My 40 Days of Rejection

luke and jules

Noone likes rejection, especially not 40 days of it. But one Loughborough graduate has set himself the ultimate challenge. It involves completing 40 different tasks where risk of failure is almost certain.
The idea was sparked by Caleb Meakin’s need to address his fear of failure and he’s called his journey ‘My 40 Days of Rejection’.
The public vote on what challenge he should face next via his Facebook page and each challenge is shot on video and uploaded to his Youtube channel and also journalised on his blog

The crusade caught my attention on ‘Day 15’ where Caleb finds himself unwittingly giving a lecture on neuroscience to a room of King’s College medical students, completely unprepared and without a clue about what he is talking about. Not only are these challenges funny to watch, but the 40 day concept itself is inspiring to all those who have experienced the immobilizing fear of failure.

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The Chronic Illness Dictionary: Crash

Wings Like Eagles in the Desert: A Journey through the Wilderness of Chronic Illness

Crash -v  When the world you want to live in (the healthy world) and the world you do live in (the chronic illness world) collide. When you become completely drained due to rapid depletion of all that adrenaline you used to get through that social event, work task, household project, vacation, et cetera. When you don’t need just a nap to recover, you need a week of sleep and leave me alone to recooperate, thank you very much.

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What I would tell my 16 year old self..

A friend of mine asked me to go through my photos and find some of her while she was at school. Sure, I say and then find myself intrenched in these old photos.

At 16 life had been hard, I had lost my dad when I was 13 to what is now called Meningococcal and was also having a lot of issues with a violent brother at home. But still I look into these 16 year old eyes and there is still a spark, that hope for an unknown future. I wonder what that 16 year old girl would say if I told her of her future in her forties. That she would require the service of carers to shower her. That the pain she felt 24 hours a day would leave her bedridden many days a week and battered on the others.


I look in to my eyes at 31 and life has thrown more and more curveballs, deaths of close family and friends, an abusive marriage, knee operations but still there is hope for a new future as a newly single lady. I think by this time most definately the curveballs HAVE to be over – but there is still stalking, restraining orders abduction, bankruptcy, redundancy, more close deaths to go until 40.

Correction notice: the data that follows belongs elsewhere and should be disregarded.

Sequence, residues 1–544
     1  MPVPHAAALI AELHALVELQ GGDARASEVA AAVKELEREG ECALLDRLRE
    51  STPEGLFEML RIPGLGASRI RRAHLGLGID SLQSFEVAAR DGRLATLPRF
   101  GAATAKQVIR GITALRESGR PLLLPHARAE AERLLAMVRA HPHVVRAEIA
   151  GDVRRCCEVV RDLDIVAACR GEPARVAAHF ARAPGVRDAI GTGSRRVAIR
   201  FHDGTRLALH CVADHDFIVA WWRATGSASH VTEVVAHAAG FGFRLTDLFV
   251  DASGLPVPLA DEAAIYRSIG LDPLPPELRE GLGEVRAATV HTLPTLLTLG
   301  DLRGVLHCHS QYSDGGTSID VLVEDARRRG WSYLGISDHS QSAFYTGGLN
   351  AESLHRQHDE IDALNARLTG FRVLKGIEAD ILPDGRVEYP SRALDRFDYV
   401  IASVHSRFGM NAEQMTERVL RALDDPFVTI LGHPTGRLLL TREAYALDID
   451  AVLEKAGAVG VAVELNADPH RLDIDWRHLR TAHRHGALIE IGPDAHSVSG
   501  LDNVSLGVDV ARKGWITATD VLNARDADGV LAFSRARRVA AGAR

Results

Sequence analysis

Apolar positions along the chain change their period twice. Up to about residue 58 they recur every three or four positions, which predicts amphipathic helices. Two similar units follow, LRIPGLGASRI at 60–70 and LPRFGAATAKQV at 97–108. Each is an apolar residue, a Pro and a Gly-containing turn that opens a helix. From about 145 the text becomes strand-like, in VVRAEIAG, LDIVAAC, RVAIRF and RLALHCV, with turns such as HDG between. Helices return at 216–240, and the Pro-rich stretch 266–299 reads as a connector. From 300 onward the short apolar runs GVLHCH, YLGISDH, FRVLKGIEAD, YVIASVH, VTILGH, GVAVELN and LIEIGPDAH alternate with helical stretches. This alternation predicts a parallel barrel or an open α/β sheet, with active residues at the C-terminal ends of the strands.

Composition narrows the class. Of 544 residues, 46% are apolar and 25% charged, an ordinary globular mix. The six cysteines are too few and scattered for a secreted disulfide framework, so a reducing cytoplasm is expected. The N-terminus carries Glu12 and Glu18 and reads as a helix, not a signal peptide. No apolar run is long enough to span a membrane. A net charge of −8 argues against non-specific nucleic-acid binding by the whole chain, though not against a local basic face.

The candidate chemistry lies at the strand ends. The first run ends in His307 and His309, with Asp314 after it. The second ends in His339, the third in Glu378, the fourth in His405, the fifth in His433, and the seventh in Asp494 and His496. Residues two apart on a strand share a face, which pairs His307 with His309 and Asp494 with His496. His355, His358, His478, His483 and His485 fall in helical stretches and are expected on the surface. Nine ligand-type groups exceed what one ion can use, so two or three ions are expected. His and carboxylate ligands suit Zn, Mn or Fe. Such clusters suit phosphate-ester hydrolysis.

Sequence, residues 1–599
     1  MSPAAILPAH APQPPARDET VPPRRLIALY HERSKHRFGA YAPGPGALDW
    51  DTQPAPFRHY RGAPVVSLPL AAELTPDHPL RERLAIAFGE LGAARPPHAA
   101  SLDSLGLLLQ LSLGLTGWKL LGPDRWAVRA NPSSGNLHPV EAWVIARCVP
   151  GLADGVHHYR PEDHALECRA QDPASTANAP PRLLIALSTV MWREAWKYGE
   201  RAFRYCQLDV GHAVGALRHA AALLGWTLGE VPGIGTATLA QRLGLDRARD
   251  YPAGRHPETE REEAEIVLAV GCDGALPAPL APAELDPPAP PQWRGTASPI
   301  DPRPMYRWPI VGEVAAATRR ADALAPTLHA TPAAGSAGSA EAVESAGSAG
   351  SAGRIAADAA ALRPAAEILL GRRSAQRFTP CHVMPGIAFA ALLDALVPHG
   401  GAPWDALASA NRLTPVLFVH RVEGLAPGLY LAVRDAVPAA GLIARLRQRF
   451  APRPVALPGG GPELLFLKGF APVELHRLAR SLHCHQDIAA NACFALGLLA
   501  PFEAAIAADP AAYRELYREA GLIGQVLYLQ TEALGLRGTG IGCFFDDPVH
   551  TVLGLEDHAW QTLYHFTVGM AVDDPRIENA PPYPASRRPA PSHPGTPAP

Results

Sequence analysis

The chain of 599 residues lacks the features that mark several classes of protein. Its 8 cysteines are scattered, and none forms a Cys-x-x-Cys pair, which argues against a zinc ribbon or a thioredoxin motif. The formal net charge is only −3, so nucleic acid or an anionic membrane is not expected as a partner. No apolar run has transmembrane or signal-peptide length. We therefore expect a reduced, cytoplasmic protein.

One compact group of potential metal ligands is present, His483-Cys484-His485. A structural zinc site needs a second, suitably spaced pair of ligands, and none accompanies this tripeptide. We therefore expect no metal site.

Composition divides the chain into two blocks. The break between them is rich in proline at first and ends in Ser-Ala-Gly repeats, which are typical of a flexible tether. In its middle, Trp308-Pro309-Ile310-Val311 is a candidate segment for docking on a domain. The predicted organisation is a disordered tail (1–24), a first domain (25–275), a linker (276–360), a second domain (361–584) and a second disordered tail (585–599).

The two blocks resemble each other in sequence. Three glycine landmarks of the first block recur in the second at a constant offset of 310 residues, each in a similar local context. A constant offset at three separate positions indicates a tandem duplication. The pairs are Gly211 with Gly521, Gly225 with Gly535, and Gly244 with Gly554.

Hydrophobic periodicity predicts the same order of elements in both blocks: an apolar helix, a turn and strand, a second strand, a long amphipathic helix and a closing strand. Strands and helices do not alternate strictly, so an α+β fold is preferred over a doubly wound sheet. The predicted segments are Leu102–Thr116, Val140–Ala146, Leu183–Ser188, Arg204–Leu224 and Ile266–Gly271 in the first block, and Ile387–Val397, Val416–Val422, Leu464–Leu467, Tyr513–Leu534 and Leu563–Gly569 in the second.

At 40 completely battered from every dam storm there seemed to be waiting for me.  Surely 40 is where life will begin? I am worse for wear but still I smile and I can still see that spark

I have to soldier on, keeping right here, right now, not yesterday, not tomorrow and take each moment and find the blessing.  There are still many – Thank goodness for that.


Japanese Fan

Japanese fan

Ah New Paper comes new ideas 🙂


A new Poem – I Wish……

I really fell in love with this poem one of my fellow bloggers Patrick has written about his Dad that has Dementia.

But it was worth it….

exhausted1 bearA day in bed sleeping through the pain. Thank goodness the Endone worked today as I have become resistant to it again and have tried to go Cold Turkey for a few days. My carer came to shower me and couldn’t believe who answered the door – she had never seen this. Someone that could barely find the words to speak, slumped over, walking into walls and holding the arm like a precious baby. I could hear her talking but I just couldn’t make out what she was saying. She looked very concerned – more so when I was doubled over in the shower chair crying from the sharp waves of pain coming over me. She dressed me, got me back into bed and brought me a hot coffee.

But it was worth it….

Boom or Bust they say, well that’s what I did to myself yesterday. I decided “To Hell with this shit, I am gonna have a great day out with my boy” Half way through the day I knew it was too late to take those thoughts back 🙂 I decided that we would have lunch out and then go see a movie. Sounds relatively easy doesn’t it?

The biggest problem for me going to a shopping centre is the walk across the carpark – I am spent before I enter the front door and I really need to look into a disabled parking ticket. We had too much time to spare between finishing lunch and the movie starting to we had a little walk brousing the shops. That’s when things escalated and I really didn’t thing I could make it through the movie. But I did. We then drove to 2 other shops before heading home. The lunch was beautiful, the movie “The Host” was excellent and of course the company of Master Shazz – exceptional. Every single muscle and joint in my body was screaming but it was worth it.

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